The man in charge of Porsche's 911 projects, August Achleitner, calls the 911 'the heart of the company', and now the company is getting a new heart with the introduction of the 992 generation 911. The Porsche seen above, still in pre-production camouflage, is a nearly production ready 992, which we should see fully unmasked soon. From this angle, the 992 looks basically the same as the 991.2 car that is currently on dealer lots. The front fascia has been modified a bit, but the greenhouse and body shape appear mostly unchanged. Rather than a properly new car, this appears to be largely a reskin, similar to the change from 996 to 997. That minuscule and gradual change is one of the bigger reasons for the 911's longevity.
The model line has been uninterrupted since the early 1960s, and has largely been held in high regard for its entire run. It's entirely possible that people have continued to love the 911 because it was a great car when it was introduced, and change has been meted out relatively slowly with each subsequent generation making evolutionary steps forward, rather than revolutionary. Sure, the 911 of today is a wildly different from the 901 of 1963, but the two cars share much of the same ethos, and accomplish much of the same thing in their era. They're as sporty as they come, while still comfortable and reliable enough to be pushed into daily service. The 911 has always been a single-car solution for someone who needs a daily driver, but wants something to rely on for occasional track or backroad caning.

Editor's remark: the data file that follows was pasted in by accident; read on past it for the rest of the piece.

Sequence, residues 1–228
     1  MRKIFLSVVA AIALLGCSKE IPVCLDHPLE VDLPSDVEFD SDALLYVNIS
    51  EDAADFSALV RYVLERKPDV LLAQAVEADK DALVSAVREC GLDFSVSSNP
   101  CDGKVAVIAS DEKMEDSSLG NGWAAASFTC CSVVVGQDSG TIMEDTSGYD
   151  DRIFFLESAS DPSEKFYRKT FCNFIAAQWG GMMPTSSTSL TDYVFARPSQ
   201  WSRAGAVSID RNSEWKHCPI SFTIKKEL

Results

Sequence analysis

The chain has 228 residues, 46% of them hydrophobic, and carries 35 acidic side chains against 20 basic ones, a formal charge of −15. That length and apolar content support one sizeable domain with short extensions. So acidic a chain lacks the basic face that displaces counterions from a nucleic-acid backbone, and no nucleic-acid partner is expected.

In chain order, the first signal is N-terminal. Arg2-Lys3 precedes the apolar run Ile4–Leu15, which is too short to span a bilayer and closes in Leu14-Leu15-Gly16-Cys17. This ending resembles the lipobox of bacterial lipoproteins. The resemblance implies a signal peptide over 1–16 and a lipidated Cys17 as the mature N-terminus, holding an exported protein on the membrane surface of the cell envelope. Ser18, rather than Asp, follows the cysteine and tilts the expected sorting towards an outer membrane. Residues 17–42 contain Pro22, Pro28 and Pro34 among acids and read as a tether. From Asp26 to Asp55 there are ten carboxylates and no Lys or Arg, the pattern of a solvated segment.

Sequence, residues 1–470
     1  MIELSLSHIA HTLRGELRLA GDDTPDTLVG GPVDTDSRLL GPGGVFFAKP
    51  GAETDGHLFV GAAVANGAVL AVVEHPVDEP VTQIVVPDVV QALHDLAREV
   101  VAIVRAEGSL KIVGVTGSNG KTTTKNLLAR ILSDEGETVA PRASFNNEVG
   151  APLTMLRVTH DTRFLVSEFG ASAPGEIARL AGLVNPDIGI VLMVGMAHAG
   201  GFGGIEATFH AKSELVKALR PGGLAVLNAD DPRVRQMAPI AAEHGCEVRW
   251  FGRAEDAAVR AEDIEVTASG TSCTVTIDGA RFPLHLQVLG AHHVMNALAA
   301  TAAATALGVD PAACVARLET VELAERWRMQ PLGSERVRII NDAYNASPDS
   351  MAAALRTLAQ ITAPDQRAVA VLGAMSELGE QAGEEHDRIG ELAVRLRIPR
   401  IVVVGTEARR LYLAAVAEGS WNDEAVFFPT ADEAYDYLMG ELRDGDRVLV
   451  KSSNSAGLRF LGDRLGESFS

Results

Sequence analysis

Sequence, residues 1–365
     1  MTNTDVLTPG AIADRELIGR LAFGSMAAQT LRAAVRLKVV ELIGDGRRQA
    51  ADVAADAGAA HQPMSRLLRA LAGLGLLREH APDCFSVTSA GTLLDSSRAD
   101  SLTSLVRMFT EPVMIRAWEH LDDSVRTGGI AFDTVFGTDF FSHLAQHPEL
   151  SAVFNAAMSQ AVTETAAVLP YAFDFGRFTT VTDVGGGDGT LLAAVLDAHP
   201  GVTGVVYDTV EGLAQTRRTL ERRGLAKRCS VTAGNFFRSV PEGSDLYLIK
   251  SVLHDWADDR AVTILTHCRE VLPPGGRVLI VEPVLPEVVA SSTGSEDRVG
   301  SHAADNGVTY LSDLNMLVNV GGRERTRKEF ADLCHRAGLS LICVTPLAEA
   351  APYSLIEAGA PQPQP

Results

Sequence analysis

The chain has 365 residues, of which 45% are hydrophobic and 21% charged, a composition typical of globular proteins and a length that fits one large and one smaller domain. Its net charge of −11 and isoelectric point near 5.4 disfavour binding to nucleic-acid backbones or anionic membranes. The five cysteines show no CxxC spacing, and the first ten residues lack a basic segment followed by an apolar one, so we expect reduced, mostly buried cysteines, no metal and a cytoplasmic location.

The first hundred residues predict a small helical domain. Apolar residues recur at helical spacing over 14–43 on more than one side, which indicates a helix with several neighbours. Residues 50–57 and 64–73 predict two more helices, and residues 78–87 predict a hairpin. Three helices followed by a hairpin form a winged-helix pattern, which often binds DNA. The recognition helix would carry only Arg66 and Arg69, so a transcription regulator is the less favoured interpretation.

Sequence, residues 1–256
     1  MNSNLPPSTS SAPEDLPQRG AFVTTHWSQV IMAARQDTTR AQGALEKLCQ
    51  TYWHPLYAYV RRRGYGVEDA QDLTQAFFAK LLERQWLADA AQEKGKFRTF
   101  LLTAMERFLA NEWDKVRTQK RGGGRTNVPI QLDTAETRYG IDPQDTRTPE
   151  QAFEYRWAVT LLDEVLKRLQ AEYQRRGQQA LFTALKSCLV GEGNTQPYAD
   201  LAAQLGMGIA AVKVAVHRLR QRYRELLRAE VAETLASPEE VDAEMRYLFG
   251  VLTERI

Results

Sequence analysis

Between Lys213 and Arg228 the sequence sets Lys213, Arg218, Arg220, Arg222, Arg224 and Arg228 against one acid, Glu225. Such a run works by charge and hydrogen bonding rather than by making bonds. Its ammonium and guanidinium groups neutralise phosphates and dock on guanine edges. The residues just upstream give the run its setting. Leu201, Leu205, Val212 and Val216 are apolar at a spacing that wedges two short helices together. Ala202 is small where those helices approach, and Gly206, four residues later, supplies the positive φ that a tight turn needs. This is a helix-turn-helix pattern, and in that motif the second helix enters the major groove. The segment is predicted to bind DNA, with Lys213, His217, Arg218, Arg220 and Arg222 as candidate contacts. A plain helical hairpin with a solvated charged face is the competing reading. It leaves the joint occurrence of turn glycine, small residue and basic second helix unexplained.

We expect the same turbocharged engines to carry over from the 991.2 to the 992, though the addition of a hybrid model is a possibility. Expect the inside of the 992 to adopt the same large-display center stack and digital gauge cluster that the Cayenne and Panamera have pioneered. These are the kinds of gradual changes that Porsche has become known for, and will ensure the 911 continues to be an amazing sports car that continues to punch above its weight class.